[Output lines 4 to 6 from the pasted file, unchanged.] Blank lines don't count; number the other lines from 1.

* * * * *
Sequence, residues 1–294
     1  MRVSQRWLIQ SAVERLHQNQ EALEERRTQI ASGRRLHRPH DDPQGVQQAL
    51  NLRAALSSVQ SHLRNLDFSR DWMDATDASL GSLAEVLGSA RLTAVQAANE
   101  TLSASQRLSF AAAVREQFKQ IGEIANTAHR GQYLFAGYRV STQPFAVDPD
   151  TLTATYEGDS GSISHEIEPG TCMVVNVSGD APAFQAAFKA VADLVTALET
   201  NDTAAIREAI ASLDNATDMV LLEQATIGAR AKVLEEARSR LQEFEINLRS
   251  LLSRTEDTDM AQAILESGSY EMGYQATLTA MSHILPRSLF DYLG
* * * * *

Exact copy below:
   101  TLSASQRLSF AAAVREQFKQ IGEIANTAHR GQYLFAGYRV STQPFAVDPD
   151  TLTATYEGDS GSISHEIEPG TCMVVNVSGD APAFQAAFKA VADLVTALET
   201  NDTAAIREAI ASLDNATDMV LLEQATIGAR AKVLEEARSR LQEFEINLRS